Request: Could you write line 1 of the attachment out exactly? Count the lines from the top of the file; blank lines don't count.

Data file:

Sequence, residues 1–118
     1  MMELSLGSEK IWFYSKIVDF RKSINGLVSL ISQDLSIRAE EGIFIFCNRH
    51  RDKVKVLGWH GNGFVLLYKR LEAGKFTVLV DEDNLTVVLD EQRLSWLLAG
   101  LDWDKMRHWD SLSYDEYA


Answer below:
Sequence, residues 1–118